Service Brokerage

The concept of service brokerage started in Canada in the 1970s, with the Community Living Society set up by the parents of people with special needs at the Woodlands School in British Colombia. This group found that to have real influence on what services were provided, and how they were provided, they needed to have control of the money. Without individualised funding, brokerage is not possible.

A service broker must be independent of funding agencies and service providers. Without this, the concept would be totally compromised. In the UK ‘Independent Living Trusts’ are acting in this role to a limited extent.

The Service Broker needs to have the experience, knowledge and ability to provide the advise and assistance to the individual and family in planning and decision-making. They need to be familiar with the services providers in the area and to put together a ‘package’ of services to suit the individual’s needs and to achieve the best value for the funds available. Steven Dowson defines service brokerage as:

Technical mediating support service, with the primary job to assist individuals to capably use their allocated funding and cross system and organisation boundaries to meet

identified needs.’

The question arises as to how service brokerage would operate and be monitored. There would need to be a client-centred code of practice, a level of relevant experience/training, and a governing body/appeals process. Without this, there would be a risk of unscrupulous persons taking advantage of the trust of vulnerable people. There are a number of models for the operation of brokers, including independent agents and brokerage services. In the interests of consumer choice, the client should be able to chose their broker, as well as which services to access.

The role of a service broker can be outlined under five headings:

  1. Planning: The broker may act as a facilitator in a person-centred planning process to help the individual, with their circle of support, to identify what their priorities are. This plan would cover long-term as well as immediate requirements. It is essential that some sort of plan be developed before a package can be constructed.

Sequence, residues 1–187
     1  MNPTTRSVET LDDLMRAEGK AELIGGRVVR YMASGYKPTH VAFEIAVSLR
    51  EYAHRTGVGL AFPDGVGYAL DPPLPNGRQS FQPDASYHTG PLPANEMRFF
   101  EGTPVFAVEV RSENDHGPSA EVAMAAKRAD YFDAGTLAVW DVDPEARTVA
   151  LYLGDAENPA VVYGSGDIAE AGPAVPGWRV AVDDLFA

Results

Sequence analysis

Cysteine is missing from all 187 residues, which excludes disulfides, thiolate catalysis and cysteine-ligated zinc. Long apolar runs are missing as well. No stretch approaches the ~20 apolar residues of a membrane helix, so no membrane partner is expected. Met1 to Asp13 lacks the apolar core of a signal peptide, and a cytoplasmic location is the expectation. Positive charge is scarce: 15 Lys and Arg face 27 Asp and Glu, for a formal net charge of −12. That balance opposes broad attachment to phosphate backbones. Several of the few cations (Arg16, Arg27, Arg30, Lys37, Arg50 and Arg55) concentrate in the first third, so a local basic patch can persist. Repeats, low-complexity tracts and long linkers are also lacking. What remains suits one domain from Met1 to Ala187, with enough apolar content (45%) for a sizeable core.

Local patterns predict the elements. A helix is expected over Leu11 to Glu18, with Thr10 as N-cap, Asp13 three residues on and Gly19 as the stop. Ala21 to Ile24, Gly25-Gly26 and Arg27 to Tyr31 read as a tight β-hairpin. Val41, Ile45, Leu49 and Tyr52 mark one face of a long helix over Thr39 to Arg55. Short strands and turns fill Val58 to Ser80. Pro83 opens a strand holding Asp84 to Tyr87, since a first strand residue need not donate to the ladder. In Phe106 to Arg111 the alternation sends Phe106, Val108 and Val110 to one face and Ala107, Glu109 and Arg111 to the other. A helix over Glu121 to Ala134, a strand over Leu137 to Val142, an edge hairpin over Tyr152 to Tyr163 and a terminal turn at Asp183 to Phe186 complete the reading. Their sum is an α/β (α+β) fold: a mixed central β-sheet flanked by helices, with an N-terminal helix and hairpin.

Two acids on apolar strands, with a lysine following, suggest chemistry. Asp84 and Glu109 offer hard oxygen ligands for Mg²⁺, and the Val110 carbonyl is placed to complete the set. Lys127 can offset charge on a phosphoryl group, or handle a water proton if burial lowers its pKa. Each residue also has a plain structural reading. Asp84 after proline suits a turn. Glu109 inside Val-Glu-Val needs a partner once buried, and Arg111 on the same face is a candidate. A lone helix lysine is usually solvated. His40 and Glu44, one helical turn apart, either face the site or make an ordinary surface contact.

1. Advice: The broker would be someone with the training and experience to provide advice on what sort of package of services would meet the individual’s identified needs and which organisations might provide the elements of this. The package might include elements form outside ‘special needs’ providers—e.g. renting a flat, leisure club membership, and supports in accessing these facilities.
  1. Development of services: In some cases the services required might not already exist. The service broker would be in communication with service providers to see if it is possible to develop such a service or adapt current services. Long-term planning on behalf of the individual and service providers is key to this; new services take time to develop. It is also an area where cooperation and coordination between individuals is important; if twenty clients pool their purchasing power, it is much more likely that they will get a service than if they act individually.
  1. Negotiations: The service broker will negotiate the best service for the least amount of funding for each element of the service package for each client. If successful, the result of the negotiations would be a Service Level Agreement (SLA) setting out what is to be delivered, when it is to be delivered, to what standard and what will be paid for it. The SLA would also set out what is expected of the individual (e.g. behavioural or attendance issues).
  1. Monitoring and review: Review points would be written into the contract. The performance of the service provider would be assessed against the SLA criteria. If the service were not provided, this would trigger a credit/refund (‘Sorry we did not provide the adult literacy instruction. The instructor left and we could not get a replacement.’) Changes in circumstance or problems arising for the individual or the agency could result in renegotiations during the period of the SLA.

In the competitive environment where customers can chose between competing products, an organisation that does not make the effort to understand its customers loses them to one that does—and with them goes funding. Are we ready for this in Ireland?


  1. Article References:
    1. McMcKnight, J. 1997 Professionalized service and disabling help. In Illich, I. et al, eds. Disabling profession. New York, Marion Boyars, 69–91.
    2. (Brooke et al) Brooke, V., P. Wehman, Inge, K. and Parent, W. 1995 Towards a customer-driven approach to supported employment. Education and Training in Mental Retardation, 30 (4), 308–320.
    3. (Dowson et al) Dowson, S. 1995 What is service brokerage? Means to control. A review of the service brokerage model in community care. Values into Action. London: Joseph Rowntree Foundation.